An opinion from a California judge shows federal courts have no respect for gun rights

The Supreme Court may finally rectify that situation when it rules on the constitutionality of a New York law that gives local authorities wide discretion to decide who may carry guns in public.

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People wait in a line at a California gun at store in March 2020.

People wait in a line at a California gun at store in March 2020. Shutting down gun and ammunition stores as nonessential businesses during the coronavirus pandemic violated the Second Amendment, a federal court ruled,

Ringo H.W. Chiu/AP Photos

In one opinion published last week, 9th Circuit Judge Lawrence VanDyke said Ventura County, California, violated the Second Amendment when it shut down gun stores early in the COVID-19 pandemic. In another opinion the same day, VanDyke said the county’s policy was perfectly consistent with the constitutional right to keep and bear arms.

That second, tongue-in-cheek opinion was meant to illustrate the disrespect that the 9th Circuit and other federal appeals courts have shown for the Second Amendment since 2008, when the Supreme Court explicitly recognized that the provision guarantees an individual right to armed self-defense. The Court may finally rectify that situation this term when it rules on the constitutionality of a New York law that gives local authorities wide discretion to decide who may carry guns in public.

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For 48 days in 2020, Ventura County effectively prohibited the purchase of firearms or ammunition by ordering the closure of gun dealers, along with other businesses it deemed “non-essential.” It also barred people who already owned firearms from visiting gun ranges to hone their skills or complete the training required to obtain carry permits.

The county did all that in the name of controlling COVID-19, although it simultaneously allowed many other activities that posed similar or greater risks of virus transmission. While other retailers continued to operate, gun sales were prohibited, even by appointment or through curbside service; while outdoor activities such as biking and golfing were allowed, practice at outdoor gun ranges was banned.

Given such arbitrary distinctions, VanDyke concluded in the majority opinion for a three-judge panel, Ventura County’s policy plainly did not pass muster under “strict scrutiny,” which requires that a law be “narrowly tailored” to further a “compelling government interest.” Nor could the policy survive the less demanding “intermediate scrutiny,” which requires a “reasonable fit” between a law and an “important” or “substantial” government goal.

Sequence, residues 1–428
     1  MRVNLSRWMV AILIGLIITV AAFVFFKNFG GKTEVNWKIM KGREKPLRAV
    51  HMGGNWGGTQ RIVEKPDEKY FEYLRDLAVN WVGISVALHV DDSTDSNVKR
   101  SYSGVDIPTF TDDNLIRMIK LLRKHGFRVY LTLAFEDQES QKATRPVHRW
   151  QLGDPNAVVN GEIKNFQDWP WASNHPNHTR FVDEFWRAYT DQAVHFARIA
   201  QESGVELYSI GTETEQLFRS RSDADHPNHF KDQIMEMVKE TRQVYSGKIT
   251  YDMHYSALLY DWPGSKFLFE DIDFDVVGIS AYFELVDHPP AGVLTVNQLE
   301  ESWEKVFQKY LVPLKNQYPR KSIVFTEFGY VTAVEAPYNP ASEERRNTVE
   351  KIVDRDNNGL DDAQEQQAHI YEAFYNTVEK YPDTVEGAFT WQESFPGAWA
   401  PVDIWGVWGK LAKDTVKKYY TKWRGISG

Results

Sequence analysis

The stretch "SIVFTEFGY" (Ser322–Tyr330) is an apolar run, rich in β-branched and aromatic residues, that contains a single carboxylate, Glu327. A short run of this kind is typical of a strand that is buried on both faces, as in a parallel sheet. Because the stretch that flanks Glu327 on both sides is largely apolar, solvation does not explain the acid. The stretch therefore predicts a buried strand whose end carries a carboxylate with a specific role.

The two other panel members agreed with VanDyke that Ventura County’s suspension of Second Amendment rights was unconstitutional. But VanDyke predicted that most of his colleagues on the 9th Circuit would reach a different conclusion after agreeing to review the decision.

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“Our circuit has ruled on dozens of Second Amendment cases,” VanDyke noted, “and without fail hasultimatelyblessedeverygun regulation challenged, so we shouldn’t expect anything less here.” Those decisions include several in which the 9th Circuit overruled three-judge panels on issues such as the right to bear arms in public and the right to own magazines that hold more than 10 rounds.

Since VanDyke thought it was inevitable that the 9th Circuit would eventually uphold Ventura County’s shutdown of gun stores and ranges, he offered a 12-page “alternative draft opinion” to help achieve that foreordained result. His satire combines excessive deference to public health powers with blithe disregard for the right to arms — tendencies that the 9th Circuit has repeatedly displayed in previous cases.

As VanDyke sees it, the 9th Circuit creates the illusion of careful consideration by using a “two-step framework” that first examines the historical scope of the Second Amendment and then settles on a standard of review. This approach somehow always leads the court to apply intermediate scrutiny in a way that amounts to a “rational basis” test, a highly deferential standard that the Supreme Court has said is inappropriate in cases dealing with specifically enumerated constitutional rights.

Justice Clarence Thomas made the same observation in 2018, when the Court declined to review a 9th Circuit decision upholding California’s 10-day waiting period for gun buyers. Other justices have joined Thomas in complaining that lower courts routinely treat the Second Amendment with less respect than other constitutional guarantees.

After nearly a decade and a half of this subversion, the challenge to New York’s carry permit law gives the justices a chance to provide courts like the 9th Circuit with some much-needed guidance. A ruling upholding the right to bear arms would help protect what Thomas aptly calls “this Court’s constitutional orphan.”

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Jacob Sullum is a senior editor at Reason magazine. Follow him on Twitter: @JacobSullum.

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